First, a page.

REVIEW / Warhammer Quest (PC)

 

Warhammer Quest is a modern solution for pen-and-paper (and dice) players who have been itching to experience the fantasy world in a gaming console. It was released for iOS devices in September of last year, and the PC version just launched a few days ago via Steam. Warhammer Quest’s developers, Rodeo Games and Twistplay, takes the beloved franchise and lore and packs it into a great turn-based, roleplaying/strategy game that only suffers a little on some in-game aspects.

 

 

Warhammer Quest jumps into the story of adventurers (two warriors, a wizard, and an archer) and their journey. Every single town that the adventurers venture to provides them with a multitudes of new quests, whether it be slaying giant spiders to rescuing someone from a dark dungeon. The quests immerse players deep into the Warhammer lore, explaining how giant spiders have inhibited the land and so forth.

 

The lore of the beloved franchise are all here.

The lore of the beloved franchise are all here.

 

Gameplay is separated into two main sections: dungeon crawling and world exploration. Dungeon crawling is imperative for the adventures to improve themselves. Killing the monsters in the dungeons will garner experience points and each successive battle will give the adventures an item (potions, food, weapons, armor, and sometimes useless junk) and some gold. Completing a dungeon will also potentially reward them with a rare item, most likely equipment.

 

Fighting battles need strategic thinking.

Fighting battles need strategic thinking.

 

The gameplay in the dungeon works like this: each adventurer takes a turn navigating through a map. The dungeon is always setup as map that needs to be uncovered, and each time an adventurer sets on an area, he/she can potentially trigger a battle. The battles are where most of the action comes in. The adventurers, depending on their classes, can move, attack, cast magic, use abilities and items. Every turn is switched from the adventurers to the monsters: a “warrior phase” and an “enemy phase.” Each adventurer has a set amount of moves, whether it is advancing, attacking, or using abilities. The goal is to kill all the enemies, not die (i.e., lose all wound points) and ultimately to be victorious. Thus, each battle requires a strategic mind: how to efficiently use the adventurers to quickly dispatch the enemies.

 

Exploring dungeons can be very slow.

Exploring dungeons can be very slow.

 

There are several annoyances players may find in the dungeon-crawling aspect of Warhammer Quest. The first is just the overall slowness of the dungeon crawling. While just exploring a dungeon, there is no way to select all the adventurers and move at the same time in a general direction; each adventurer must be picked one at a time to move. While it makes sense tactic-wise, it really slows down the pace of the game when it is not in battle mode. Another issue is the randomness of enemy encounters. Typically, encounters happen when exploring new parts of the map; however, there are chances that enemies may appear after the end of a turn. So sometimes, when already battling numerous monsters, more monsters may appear to quickly turn the tide not in the player’s favor.

 

Traveling to towns can sometimes trigger a random event that may be good or bad.

Traveling to towns can sometimes trigger a random event that may be good or bad.

 

Outside of dungeon crawling, Warhammer Quest really takes the elements of pen-and-paper role-playing games seriously. The adventurers’ statistics are dependent on their experience levels and equipped inventory. Each successive level progression gives the adventurers new abilities, depending on their classes, and improves their survivability in dungeons and sometimes in exploring the world. There is a randomness aspect when going into towns; when perusing what the town has to offer, like buying and selling items and visiting training grounds to level up, an event may happen to an adventurer. Sometimes it is good, and sometimes it is bad. It can vary from an adventurer taking up a small gig to earn some gold to getting very inebriated at the local tavern and giving himself/herself a temporary statistic decrease for one dungeon exploration.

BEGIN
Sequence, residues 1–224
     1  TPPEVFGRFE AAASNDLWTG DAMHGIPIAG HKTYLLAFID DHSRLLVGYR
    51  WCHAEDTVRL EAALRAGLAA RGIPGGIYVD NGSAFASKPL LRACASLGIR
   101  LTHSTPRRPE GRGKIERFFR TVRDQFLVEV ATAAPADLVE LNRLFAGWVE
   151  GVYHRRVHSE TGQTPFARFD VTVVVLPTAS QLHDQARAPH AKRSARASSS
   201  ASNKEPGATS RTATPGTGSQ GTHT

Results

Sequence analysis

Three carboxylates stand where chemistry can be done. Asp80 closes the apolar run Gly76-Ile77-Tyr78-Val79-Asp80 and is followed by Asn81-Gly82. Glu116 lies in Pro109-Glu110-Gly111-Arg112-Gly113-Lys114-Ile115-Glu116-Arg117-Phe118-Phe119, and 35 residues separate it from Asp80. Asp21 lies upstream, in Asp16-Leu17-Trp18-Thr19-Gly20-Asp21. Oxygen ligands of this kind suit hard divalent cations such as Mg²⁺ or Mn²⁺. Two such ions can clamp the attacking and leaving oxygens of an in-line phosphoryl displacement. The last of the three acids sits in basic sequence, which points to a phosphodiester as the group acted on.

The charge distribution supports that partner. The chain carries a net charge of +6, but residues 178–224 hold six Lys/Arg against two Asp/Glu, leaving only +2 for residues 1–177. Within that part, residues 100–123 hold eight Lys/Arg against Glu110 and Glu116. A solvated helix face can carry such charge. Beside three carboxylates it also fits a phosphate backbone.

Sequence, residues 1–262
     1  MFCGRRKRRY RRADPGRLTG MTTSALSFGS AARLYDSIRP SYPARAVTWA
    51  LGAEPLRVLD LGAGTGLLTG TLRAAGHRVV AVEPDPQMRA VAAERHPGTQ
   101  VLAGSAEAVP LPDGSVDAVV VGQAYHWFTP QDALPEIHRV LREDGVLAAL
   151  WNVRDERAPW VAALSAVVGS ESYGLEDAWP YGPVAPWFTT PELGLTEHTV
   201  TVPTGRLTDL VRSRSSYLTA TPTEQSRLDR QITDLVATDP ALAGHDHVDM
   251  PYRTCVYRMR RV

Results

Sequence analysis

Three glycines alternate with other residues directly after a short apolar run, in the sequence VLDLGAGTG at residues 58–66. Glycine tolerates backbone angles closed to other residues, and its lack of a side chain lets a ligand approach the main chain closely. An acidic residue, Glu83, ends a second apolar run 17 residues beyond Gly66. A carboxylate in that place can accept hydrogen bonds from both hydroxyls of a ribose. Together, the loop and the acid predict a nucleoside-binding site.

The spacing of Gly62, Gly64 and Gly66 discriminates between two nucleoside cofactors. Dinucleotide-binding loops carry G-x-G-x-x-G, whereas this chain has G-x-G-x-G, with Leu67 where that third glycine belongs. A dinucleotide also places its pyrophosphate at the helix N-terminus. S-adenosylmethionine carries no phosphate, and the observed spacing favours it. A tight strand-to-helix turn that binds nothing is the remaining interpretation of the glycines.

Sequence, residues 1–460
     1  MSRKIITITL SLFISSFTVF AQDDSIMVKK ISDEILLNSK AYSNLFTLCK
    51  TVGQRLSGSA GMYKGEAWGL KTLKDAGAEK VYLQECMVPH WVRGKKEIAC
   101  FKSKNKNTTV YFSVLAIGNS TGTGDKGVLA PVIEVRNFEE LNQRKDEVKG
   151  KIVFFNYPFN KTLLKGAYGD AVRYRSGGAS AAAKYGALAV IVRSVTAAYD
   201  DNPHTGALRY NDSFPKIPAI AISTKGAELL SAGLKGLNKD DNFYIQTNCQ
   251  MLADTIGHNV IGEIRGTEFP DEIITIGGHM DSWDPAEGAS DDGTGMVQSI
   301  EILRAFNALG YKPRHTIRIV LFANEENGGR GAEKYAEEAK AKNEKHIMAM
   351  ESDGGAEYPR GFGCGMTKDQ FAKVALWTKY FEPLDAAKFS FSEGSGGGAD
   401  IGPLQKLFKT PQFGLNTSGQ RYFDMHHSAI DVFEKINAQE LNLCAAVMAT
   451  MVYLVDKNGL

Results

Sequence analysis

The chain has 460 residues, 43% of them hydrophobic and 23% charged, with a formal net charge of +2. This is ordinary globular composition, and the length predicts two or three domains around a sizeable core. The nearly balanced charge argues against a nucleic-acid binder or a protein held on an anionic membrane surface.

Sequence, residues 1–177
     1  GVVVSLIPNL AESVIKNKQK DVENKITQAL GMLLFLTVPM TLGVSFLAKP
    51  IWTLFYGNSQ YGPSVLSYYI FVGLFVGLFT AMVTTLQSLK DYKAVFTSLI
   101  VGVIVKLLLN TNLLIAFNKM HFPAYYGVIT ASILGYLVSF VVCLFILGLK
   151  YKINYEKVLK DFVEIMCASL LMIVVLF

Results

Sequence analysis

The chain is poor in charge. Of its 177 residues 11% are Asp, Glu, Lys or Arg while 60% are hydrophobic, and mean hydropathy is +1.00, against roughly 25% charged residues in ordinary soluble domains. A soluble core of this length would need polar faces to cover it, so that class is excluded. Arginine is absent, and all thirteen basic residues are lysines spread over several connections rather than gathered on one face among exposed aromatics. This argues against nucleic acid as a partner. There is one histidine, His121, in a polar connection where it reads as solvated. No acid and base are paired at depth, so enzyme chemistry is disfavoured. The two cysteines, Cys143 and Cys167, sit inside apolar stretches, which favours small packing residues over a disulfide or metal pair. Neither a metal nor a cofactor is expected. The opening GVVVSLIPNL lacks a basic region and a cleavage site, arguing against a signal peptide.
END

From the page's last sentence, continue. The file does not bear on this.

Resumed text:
Enemy encounters happen in two ways: exploring a new area of the dungeon or after ending a turn.

Enemy encounters happen in two ways: exploring a new area of the dungeon or after ending a turn.

 

Speaking of gold, in Warhammer Quest, gold is king. It is a commodity and integral part of the game. Gold is the currency to purchase items as well as to level the adventurers after earning enough experience. At first, it takes a little gold to level up characters, but it does take a lot of gold to level them up after the first initial levels. Better equipment at the marketplace also cost a considerable amount of gold. While earning gold can be done in numerous ways such as selling unwanted items and completing quests, it does not seem to be enough.

 

In-game purchases, like premium weapons, can really make battles in lower levels easy.

In-game purchases, like premium weapons, can really make battles in lower levels easy.

 

The answer to the problem are in-game purchases. Using real-world dollars, a player can essentially purchase more gold. Tiered in bundles, purchasing gold can ease up on the grinding aspect of the game. Players can also purchase premium characters and weapons that can also make the initial portion of the game easy.

Overall, this is a good addition to the Warhammer franchise. Its great attention to detail on the pen-and-paper fantasy world will surely appease Warhammer fans. Those who also seek a great strategic role-playing game will find this very challenging. The only caveat is whether players will cave in a purchase premium items and gold in order to progress easily to the final quest.

 

YOU MIGHT ALSO LIKE: